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Poor connection

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Brought to the brink of despair by a computerised banking system that refuses to transfer funds, Peter Sherwood gets on the phone and lost in cyberspace

Here’s a recent example of ‘asinine’ in action, while dealing with a faceless overseas bureaucracy that has brought the art of social distancing to a new level. But this is not just a whining Troglodyte recalling halcyon days when an international bank transaction took two minutes – with a phone call and email. It’s a universally heartfelt ode to stupidity.

‘To save my time and better serve me’ my bank has introduced a computerised model that refuses, after a week of trying, to acknowledge my existence. And I’ve been with the
same outfit in Australia since 1984. Frustrated? If there were an app for hara-kiri, I’d try it.

Input into the void failed so I phoned for help. I am eventually put through to a generic ‘John,’ but not before being warned that my call might be used for training purposes. Translation: If you curse the staff, we’ll make ignoring you our life’s work. As if they haven’t already. Then 20 minutes of appalling Seventies music, and bingo! “We’re connecting you to a customer service agent.” ‘Eric’ appears reading a script: “Good morning, Peter. Is it OK if I call you Peter?” Faux friendliness to soften me up so I’ll accept any old idiocy. Beginning with interrogation – my great grandmother’s maiden name, please, and the date of my last online purchase of laxatives. Forty minutes has passed and at my expense.

A transfer of funds was a bridge too far; too complex for these moronic humanoids to achieve. What used to be easy is now ridiculously complicated – and by the way get used to it because they don’t care.

But hold! Here comes ‘Janet:’ “Certainly, Peter. Is it OK if I call you Peter? Please wait a moment while I enter you into The System.” Click.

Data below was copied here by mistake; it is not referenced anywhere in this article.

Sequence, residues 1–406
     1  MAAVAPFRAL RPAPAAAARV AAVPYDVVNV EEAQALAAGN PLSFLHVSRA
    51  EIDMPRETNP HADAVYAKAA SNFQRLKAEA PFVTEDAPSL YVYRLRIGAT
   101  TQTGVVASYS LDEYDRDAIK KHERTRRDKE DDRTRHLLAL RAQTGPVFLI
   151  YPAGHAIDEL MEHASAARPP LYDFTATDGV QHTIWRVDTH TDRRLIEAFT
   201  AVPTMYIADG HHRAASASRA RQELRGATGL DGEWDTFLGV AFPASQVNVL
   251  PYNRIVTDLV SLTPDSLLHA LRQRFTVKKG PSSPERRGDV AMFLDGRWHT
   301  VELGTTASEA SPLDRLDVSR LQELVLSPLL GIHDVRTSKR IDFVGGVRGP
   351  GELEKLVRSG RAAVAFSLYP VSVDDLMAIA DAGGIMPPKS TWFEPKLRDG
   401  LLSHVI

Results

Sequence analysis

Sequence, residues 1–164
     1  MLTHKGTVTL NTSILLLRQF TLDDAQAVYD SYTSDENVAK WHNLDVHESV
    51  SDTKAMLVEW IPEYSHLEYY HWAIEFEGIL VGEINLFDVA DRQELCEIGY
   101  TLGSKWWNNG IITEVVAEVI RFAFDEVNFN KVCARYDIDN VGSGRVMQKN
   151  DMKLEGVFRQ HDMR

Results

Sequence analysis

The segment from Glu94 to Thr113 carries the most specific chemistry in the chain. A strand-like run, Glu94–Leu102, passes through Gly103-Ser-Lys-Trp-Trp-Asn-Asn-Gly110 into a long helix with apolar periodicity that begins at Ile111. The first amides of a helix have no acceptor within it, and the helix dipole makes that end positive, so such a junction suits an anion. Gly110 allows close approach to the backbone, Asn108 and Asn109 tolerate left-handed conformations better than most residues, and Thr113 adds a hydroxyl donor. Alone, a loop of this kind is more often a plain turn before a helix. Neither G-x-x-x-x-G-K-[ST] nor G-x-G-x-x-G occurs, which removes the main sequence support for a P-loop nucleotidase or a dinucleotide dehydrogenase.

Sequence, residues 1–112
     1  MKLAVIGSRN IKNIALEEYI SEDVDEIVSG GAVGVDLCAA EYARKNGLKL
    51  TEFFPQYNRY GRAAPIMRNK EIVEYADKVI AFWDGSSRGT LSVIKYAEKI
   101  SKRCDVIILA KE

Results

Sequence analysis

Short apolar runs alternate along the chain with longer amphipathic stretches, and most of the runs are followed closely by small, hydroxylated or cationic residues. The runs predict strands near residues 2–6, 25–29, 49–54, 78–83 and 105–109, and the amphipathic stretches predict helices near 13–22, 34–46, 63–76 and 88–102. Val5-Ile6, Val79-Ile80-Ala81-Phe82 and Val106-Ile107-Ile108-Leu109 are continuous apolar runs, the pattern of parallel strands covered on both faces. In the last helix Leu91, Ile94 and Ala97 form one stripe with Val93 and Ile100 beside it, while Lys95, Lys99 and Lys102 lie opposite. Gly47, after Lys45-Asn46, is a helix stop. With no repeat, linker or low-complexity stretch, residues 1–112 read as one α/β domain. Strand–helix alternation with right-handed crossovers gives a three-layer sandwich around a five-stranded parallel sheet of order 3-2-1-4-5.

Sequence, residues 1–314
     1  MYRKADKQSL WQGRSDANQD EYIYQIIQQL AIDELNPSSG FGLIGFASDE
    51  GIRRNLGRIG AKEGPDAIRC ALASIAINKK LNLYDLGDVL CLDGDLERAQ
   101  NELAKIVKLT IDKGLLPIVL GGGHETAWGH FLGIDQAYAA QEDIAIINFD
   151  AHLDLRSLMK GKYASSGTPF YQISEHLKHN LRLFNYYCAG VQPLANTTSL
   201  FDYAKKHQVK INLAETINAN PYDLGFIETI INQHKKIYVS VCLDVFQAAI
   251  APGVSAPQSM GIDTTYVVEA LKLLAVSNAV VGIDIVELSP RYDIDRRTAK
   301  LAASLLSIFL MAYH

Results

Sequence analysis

She disappears for about a week while I’m left to calculate how much this phone call is going to cost me. I picture her having wandered into some dank corporate cave where
ancient computers whirr and grind, while she awaits a response from Big Brother. A torturous time later she’s back with the news that there is something wrong with The System, that amorphous black hole in cyberspace that absorbs blame for every 21st century act of irresponsibility.

A real human with his or her own name you seek? Ha, ha and ha! Try this for a giggle: Hang up, call back and ask for the Eric you were just speaking to. Good luck.

Complain? Janet and John are not the complaints department. You have to email.

I did, and got an automated reply referring me back to the computer page that has not worked since Bill Gates was a boy. Apparently this interminable hanging on the phone is for my own good, and all in the name of efficiency. I’m not a vengeful man, and it’s not that I don’t appreciate the billions spent providing me with endless hours of convenience.
But I would not be terribly upset if Janet, John and Eric were to spontaneously combust.

Peter Sherwood has lived in DB for over 20 years. The former head of an international public relations firm, Peter is the author of 15 books and has written around 400 satirical columns for the South China Morning Post.

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